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Mitchell Symons: Happily Never After

6 September 2013 Mary Howell

Prior to his book release on the 3rd October, which happens to be this year's National Poetry day, London Calling talks to Author Mitchell Symons about naughty children, the value of poetry, great music and treats us to a waterfall of trivia.

London Calling: What inspired you to become a Children’s Author?

Mitchell Symons: I’d written about 30 ‘adult’ books when I was invited to write a children’s book. It sold well and, twenty children’s books later, I’m still writing them! I haven’t given up on the adult books though.

LC: The book, Happily Never After: Modern Cautionary Verse is a modern reworking of Hilaire Belloc’s 1907 original. They were classic stories of children who foolishly didn’t take the advice they were told and consequently came to an unpleasant fate. Did you read them as a child?

MS: Yes and I loved them!

LC: His original tales were really quite gruesome, chiefly Matilda: Who told Lies, and was Burned to Death and Jim: Who ran away from his nurse, and was eaten by a Lion! Your poems are not only relevant to children of today, but seam a little less sinister. Like Bill: whose ability to fart ended in tears and Chloe: whose determination to have the most Facebook friends meant she lost her real ones. I suspect you have a few dark tales lurking somewhere though. What’s the most gruesome story in your new adaptation?

MS: And here was me thinking they were TOO sinister. What part of children being killed by fire/having their brains fried or being killed crossing a street struck you as not very sinister! In truth, I think they’re on the same sort of level as Belloc’s but, apart from that, they’re very different.

LC: Your previous work doesn’t include any poetry, why the change?

MS: No poetry at all. I haven’t written any since I was 17 or 18 and I’d pay you good money NOT to read those!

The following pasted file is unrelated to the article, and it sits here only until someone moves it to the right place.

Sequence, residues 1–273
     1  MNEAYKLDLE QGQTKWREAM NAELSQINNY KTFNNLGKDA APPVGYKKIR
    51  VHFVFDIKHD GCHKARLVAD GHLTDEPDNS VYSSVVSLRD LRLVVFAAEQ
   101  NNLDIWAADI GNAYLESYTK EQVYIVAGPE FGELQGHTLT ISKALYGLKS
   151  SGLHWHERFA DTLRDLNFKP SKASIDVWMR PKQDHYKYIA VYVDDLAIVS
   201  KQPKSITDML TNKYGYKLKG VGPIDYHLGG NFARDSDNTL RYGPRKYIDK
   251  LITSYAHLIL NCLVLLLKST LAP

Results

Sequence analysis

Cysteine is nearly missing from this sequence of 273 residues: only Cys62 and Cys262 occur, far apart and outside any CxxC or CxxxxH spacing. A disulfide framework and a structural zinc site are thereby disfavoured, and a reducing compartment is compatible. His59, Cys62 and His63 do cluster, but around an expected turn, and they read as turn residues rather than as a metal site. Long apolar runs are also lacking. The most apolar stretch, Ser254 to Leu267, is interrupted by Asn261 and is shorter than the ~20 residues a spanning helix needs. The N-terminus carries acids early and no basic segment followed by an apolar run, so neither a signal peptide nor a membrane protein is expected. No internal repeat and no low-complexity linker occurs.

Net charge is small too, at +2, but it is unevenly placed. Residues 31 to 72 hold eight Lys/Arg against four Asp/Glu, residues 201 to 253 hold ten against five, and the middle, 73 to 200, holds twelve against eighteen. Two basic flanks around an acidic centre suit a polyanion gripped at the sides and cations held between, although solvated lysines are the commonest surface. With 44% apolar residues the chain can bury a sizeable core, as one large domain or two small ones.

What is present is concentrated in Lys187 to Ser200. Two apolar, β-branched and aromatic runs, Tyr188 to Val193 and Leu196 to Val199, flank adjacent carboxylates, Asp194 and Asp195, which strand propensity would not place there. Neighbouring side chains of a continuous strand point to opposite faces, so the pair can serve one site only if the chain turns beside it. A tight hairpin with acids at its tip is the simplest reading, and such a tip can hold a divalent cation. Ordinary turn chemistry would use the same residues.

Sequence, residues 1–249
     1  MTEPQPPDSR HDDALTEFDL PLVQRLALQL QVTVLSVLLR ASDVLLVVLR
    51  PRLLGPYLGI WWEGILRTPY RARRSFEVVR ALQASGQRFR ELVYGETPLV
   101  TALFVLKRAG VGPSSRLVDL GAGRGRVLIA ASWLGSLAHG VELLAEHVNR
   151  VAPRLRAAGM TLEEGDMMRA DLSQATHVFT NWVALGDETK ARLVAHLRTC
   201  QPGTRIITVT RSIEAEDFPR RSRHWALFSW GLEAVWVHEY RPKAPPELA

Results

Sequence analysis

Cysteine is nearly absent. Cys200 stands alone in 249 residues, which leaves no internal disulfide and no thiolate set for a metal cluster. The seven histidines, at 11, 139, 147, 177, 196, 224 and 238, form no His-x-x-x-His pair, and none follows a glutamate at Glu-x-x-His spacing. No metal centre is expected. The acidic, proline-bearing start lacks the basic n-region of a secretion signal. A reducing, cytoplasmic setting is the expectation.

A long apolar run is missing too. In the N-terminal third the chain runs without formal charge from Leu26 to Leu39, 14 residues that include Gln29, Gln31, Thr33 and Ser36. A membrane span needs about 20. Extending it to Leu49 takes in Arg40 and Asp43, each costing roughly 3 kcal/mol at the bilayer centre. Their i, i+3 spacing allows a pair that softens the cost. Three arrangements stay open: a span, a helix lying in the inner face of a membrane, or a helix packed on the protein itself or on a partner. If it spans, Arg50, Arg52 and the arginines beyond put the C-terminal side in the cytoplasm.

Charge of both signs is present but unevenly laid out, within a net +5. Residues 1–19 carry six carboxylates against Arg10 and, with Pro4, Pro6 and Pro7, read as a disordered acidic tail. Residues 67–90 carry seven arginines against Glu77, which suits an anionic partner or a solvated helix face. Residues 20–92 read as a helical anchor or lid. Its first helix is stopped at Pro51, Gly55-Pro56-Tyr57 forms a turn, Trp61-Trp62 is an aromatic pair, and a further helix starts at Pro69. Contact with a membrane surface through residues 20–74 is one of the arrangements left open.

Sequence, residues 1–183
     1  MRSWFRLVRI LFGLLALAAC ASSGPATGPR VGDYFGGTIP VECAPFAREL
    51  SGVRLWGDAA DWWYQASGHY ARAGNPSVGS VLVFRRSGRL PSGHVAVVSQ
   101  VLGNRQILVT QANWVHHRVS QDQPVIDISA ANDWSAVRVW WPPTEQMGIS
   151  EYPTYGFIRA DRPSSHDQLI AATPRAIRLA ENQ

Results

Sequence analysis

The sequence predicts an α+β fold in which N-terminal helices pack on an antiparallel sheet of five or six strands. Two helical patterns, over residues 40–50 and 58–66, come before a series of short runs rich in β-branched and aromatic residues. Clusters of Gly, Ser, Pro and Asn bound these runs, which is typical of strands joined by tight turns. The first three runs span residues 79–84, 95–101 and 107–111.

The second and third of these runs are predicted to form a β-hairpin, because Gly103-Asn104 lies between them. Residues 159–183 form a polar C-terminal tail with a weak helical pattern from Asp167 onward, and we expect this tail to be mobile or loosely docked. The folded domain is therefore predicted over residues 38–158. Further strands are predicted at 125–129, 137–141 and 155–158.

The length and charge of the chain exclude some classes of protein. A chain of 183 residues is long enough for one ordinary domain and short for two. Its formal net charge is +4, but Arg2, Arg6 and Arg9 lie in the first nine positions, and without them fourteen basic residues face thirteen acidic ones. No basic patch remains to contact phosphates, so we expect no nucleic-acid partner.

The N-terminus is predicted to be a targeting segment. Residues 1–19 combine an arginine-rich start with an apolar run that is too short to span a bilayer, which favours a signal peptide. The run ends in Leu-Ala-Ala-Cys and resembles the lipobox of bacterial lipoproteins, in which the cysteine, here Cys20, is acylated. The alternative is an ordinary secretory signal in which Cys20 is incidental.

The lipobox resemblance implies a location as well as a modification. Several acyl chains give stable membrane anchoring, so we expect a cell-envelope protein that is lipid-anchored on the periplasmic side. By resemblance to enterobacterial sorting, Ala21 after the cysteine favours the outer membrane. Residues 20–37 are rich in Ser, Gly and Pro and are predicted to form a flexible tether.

LC: Does your book, like the original, have a happy ending?

MS: Yes it does. I’ve got a poem about William Tobias Patterson-Meads: Who was a really nice guy and so became an immense success.

LC: The release of Happily Never After: Modern Cautionary Verse coincides with National Poetry Day. Do you think it’s important to raise the nation’s awareness and appreciation of poetry

MS: Yes, I do. There are things that can be said in poems that simply can’t be said elsewhere.

LC: The next poet Laureate will be announced on the same day. All we know is that they’re from Birmingham, any idea of who it might be?

MS: Who even knew that Birmingham had a poet? Sorry, Brummies!

LC: Rumour has it that you used to be a writer for trivial pursuit. This years National Poetry Day theme is Water, have any fun facts about that?

MS: - Cockroaches can survive underwater for 15 minutes.

- Adult earwigs can float in water for up to 24 hours.

- If you yelled for eight years, seven months and six days, you would have produced enough sound energy to heat enough water for one cup of tea.

- Sound moves faster through water than it does through air.

- Giraffes can live without water for longer than camels can.

- An ant can survive for two weeks underwater.

- Pigeons are the only birds that can drink water without having to raise their heads to swallow. Other birds need gravity to help them swallow.

- Whenever Beethoven sat down to write music, he poured ice water over his head.

- 80 per cent of the noise a hippo makes is done underwater.

- Koalas rarely drink water, but get fluids from the eucalyptus leaves they eat. In fact, ‘koala’ is believed to mean ‘no drink’ in an Aboriginal language.

- The only rock that floats in water is pumice.

- One third of all the fresh water on Earth is in Canada.

- If you slowly pour a handful of salt into a totally full glass of water, it will not overflow. In fact, the water level will go down.

- Hot water freezes more quickly than cold water.
 
Enough?

LC: What’s your formula for a good writing session; pot of tea, favourite pen, beautiful view?

MS: Great music. Miles Davis, Steely Dan, Joni Mitchell, Neil Young.

LC: Who is your favourite poet?

MS: Philip Larkin and Stevie Smith (dead); John Cooper Clark (alive). They should have made JCC the Poet Laureate long ago.

LC: What piece of advice would you give to aspiring writers?

MS: Write, write and write some more. Also, read.

Happy Never After: Modern Cautionary Verse will be available from 3rd October. We’ve got five copies to give away so to be in with a chance of getting your hands on one, head over to our competition.

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